Yates has said that, once she familiarized herself with the calls, she was skeptical about the idea of prosecuting Flynn under the Logan Act. She nevertheless viewed them as problematic—both because she believed that Flynn was undercutting a critical foreign policy objective, and also because she believed that Flynn was open to Russian blackmail, particularly since Vice President Mike Pence and other officials were inaccurately telling the public that the calls were perfunctory and congratulatory in nature. Yates convened a series of discussions with other officials in the following weeks and finally planned to tell the incoming White House about the actual contents of the calls shortly after the inauguration, on Jan. 24, 2017.
When she reached Comey that day to tell him what she planned to do, he told her that FBI agents were already on their way to the White House to interview Flynn. Comey has acknowledged that, in the ordinary course, an interview like that—of a senior White House official—would have been coordinated through the White House counsel’s office, but he believed (correctly, as it turned out) that it was early enough in the administration that nobody would stop them. Yates told the Senate Judiciary Committee that she was “upset that Director Comey didn’t coordinate that with us and acted unilaterally.” It is no defense of Flynn’s conduct to observe that Yates was right to be upset and that, if Comey had consulted with her and she had stopped the interview from going forward, subsequent events would likely have played out in a dramatically different fashion.
Yates offered the White House a simple way out of this mess two days later, when she met with White House counsel Don McGahn to discuss what she had told him was “a very sensitive matter.” Yates informed him that Pence and others had been publicly saying things about the Flynn-Kislyak calls “that we knew not to be the truth”—perhaps because Flynn had lied to them. McGahn asked Yates if Flynn should be fired, but she told him that was not her decision to make.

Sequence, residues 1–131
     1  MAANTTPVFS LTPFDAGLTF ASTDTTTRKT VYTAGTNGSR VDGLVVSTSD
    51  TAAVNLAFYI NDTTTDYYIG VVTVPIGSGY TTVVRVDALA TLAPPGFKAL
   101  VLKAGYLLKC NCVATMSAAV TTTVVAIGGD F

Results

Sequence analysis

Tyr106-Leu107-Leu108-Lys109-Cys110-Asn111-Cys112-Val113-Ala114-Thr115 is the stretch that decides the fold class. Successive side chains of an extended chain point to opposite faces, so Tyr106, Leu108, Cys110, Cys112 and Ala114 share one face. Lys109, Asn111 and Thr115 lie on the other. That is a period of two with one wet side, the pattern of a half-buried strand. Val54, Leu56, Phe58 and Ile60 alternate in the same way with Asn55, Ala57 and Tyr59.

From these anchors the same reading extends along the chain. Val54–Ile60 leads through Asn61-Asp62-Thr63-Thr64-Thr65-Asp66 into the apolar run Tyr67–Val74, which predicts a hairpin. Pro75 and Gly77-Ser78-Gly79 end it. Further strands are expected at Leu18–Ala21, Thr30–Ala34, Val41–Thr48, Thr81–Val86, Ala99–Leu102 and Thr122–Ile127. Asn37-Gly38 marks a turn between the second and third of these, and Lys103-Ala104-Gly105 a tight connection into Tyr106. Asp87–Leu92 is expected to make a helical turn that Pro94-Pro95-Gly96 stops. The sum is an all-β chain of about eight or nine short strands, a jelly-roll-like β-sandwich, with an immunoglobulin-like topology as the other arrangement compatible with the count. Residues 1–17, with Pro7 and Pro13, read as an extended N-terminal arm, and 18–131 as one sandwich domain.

A day later, after briefing Trump, McGahn called Yates back to his office, where she recalled that he asked her, “Why does it matter to DOJ if one White House official lies to another?” McGahn also asked if he could see the evidence that Flynn had lied to the FBI, but Yates was fired for her refusal to defend the travel ban before she could finalize those arrangements with him. The dominoes continued to fall after she left: Flynn was eventually forced to resign a couple of weeks later after news reports about what had actually happened on the calls, Trump then met with Comey privately to ask him to “see your way clear to letting this go, to letting Flynn go,” and on, and on, and on. The government’s motion earlier this year to dismiss Flynn’s charges remains pending.
Biden fortunately has many very qualified people that he could select as his attorney general, but if Yates is passed over because conservative senators claim to be unhappy with her conduct during the Flynn investigation, that would be deeply unfortunate. Indeed, Sen. Lindsey Graham—no fan of the Obama Justice Department—opened the hearing where Yates recently testified by telling her that he believed she had “exercised good caution and legal judgment in January of 2017” and that “if people had followed her advice, things might be different today”—all of which is true. As a result, any decision to hold Yates back because of these events means that she will have suffered not because she did anything wrong, but because of the decisions of Flynn and Comey—two men whose recklessness and arrogance have already done more than enough damage to this country.